Functional connectivity in apathy of late-life depression: A preliminary study

George S. Alexopoulos, Matthew J. Hoptman, Genevieve Yuen, Dora Kanellopoulos, Joanna K. Seirup, Kelvin O. Lim, Faith M. Gunning

Research output: Contribution to journalArticlepeer-review

74 Scopus citations


Background: Apathy is common in late-life depression and is associated with disability and poor antidepressant response. This study examined whether resting functional connectivity (FC) of the nucleus accumbens (NAcc) and the dorsal anterior cingulate (dACC) with other structures can distinguish apathetic depressed older patients from non-apathetic depressed patients and normal subjects. Methods: Twenty-six non-demented, non-MCI older adults were studied. Of these, 16 had major depression (7 also had apathy) and 10 had no psychopathology. Resting state fMRI was performed prior to treatment in subjects who were psychotropic-free for at least two weeks. FC was determined by placing seeds in the NAcc and the dACC bilaterally. Results: Apathetic depressed patients had lower FC of the NAcc with the amygdala, caudate, putamen, globus pallidus, and thalamus and increased FC with the dorsomedial prefrontal cortex, the superior frontal cortex, and the insula than non-apathetic patients. Further, apathetic patients had lower FC of the dACC with dorsolateral and ventrolateral prefrontal cortices and higher FC with the insula and the orbitofrontal cortex than non-apathetic patients. Limitations: Small number of subjects, lack of random sampling, use of a 1.5T MRI scanner. Conclusions: This preliminary study suggests that FC between the NAcc and the dACC and structures related to reward and related behavioral responses constitute the functional topography of abnormalities characterizing apathy of late life depression. However, replication is needed.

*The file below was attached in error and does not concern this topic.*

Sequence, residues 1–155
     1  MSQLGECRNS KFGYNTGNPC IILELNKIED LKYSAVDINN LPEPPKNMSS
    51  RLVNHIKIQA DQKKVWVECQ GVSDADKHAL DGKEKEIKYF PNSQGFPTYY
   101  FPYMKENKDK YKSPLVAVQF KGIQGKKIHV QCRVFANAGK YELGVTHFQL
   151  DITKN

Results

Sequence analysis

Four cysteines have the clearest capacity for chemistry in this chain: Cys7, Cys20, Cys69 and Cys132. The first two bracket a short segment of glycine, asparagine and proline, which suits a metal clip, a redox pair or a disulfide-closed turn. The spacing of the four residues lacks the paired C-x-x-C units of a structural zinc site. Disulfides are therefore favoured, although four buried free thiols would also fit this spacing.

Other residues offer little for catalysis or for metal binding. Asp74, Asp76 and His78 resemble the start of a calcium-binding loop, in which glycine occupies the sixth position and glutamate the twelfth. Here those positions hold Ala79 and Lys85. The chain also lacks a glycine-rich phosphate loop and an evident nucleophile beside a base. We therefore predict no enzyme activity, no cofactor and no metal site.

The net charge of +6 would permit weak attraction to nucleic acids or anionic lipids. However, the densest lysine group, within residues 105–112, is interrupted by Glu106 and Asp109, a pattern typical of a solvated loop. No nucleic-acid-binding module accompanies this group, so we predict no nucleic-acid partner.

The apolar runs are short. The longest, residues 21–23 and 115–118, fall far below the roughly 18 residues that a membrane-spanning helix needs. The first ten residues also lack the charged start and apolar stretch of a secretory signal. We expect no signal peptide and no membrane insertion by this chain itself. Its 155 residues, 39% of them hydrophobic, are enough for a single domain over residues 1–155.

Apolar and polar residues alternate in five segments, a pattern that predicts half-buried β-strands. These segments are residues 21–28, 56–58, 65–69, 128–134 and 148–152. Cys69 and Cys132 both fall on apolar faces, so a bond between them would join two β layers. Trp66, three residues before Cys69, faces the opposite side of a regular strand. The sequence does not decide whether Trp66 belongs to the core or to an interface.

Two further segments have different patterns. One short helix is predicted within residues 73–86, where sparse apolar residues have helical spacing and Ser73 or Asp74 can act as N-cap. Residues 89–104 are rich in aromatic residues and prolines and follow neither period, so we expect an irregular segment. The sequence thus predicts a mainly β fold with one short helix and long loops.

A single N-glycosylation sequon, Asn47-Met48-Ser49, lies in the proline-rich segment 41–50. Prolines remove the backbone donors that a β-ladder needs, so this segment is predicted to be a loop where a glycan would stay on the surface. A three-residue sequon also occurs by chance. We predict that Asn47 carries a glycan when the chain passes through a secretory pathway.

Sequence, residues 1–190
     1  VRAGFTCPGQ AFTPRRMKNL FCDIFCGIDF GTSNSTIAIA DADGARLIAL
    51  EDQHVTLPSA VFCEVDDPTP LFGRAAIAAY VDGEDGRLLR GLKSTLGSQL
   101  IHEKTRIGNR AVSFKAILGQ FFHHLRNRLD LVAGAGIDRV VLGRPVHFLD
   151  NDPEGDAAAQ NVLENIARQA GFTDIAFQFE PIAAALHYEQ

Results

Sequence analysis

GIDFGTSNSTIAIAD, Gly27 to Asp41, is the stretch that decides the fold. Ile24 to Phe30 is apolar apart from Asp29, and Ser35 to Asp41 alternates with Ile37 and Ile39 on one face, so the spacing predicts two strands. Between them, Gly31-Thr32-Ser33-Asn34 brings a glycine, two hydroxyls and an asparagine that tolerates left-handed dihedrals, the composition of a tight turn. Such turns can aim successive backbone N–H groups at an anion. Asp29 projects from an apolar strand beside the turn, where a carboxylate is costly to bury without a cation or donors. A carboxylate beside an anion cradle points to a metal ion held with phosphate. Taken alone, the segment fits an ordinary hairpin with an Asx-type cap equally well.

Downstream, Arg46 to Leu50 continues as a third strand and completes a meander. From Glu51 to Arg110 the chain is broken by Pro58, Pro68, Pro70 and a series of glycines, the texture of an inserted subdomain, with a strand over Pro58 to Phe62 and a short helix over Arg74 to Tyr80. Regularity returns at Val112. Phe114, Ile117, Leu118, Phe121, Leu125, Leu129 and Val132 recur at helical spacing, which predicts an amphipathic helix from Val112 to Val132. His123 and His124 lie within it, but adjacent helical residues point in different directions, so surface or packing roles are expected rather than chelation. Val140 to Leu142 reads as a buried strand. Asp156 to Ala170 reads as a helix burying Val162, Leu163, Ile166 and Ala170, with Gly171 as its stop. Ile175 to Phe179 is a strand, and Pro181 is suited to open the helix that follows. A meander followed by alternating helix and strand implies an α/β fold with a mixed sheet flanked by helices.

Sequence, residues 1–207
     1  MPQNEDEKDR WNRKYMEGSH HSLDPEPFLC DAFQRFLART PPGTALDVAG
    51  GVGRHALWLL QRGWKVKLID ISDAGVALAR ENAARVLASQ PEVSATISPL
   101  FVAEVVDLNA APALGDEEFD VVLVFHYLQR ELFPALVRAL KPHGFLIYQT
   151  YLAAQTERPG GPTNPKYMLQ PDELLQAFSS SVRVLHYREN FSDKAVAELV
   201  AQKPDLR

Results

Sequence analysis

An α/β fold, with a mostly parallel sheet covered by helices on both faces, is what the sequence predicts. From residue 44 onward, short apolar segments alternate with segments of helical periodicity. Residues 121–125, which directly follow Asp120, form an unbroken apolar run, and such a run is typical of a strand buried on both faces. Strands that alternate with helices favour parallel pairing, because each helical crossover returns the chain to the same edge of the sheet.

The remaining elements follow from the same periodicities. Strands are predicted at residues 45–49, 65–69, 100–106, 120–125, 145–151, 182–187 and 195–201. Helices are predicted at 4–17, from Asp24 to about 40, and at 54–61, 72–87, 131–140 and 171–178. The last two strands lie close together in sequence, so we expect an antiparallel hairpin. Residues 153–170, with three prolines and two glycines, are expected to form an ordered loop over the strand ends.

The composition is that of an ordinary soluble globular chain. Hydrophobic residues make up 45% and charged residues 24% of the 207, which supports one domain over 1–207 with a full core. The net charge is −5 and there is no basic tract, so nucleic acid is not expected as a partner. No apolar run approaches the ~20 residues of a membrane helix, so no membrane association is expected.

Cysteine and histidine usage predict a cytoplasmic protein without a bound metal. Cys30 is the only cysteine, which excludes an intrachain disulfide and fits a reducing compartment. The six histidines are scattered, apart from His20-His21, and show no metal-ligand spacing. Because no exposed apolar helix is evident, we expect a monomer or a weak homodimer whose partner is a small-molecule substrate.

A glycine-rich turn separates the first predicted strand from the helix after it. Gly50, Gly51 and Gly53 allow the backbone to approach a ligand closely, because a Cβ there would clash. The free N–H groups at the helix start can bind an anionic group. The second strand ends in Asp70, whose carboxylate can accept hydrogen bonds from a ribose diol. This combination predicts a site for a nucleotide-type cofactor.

Original languageEnglish (US)
Pages (from-to)398-405
Number of pages8
JournalJournal of Affective Disorders
Issue number1-3
StatePublished - Jul 2013

Bibliographical note

Funding Information:
Personnel and imaging cost of this work was supported by NIMH grants R01 MH65653, R01 MH079414, P030 MH085943, T32 MH019132 (GSA), K23 MH74818 (FGD) and the Sanchez Foundation. Escitalopram and placebo were provided free of cost by Forest Pharmaceuticals, Inc.

Funding Information:
Dr. Alexopoulos has received grant support from Forest Pharmaceuticals; has consulted to Hoffman-LaRoche, Lilly, Pfizer, and Otsuka; and has served at the speakers’ bureaus of Astra Zeneca, Avanir, Forest, Merck, Novartis, and Sunovion. No other authors report conflicts of interest.


  • Apathy
  • Functional connectivity
  • Late life depression


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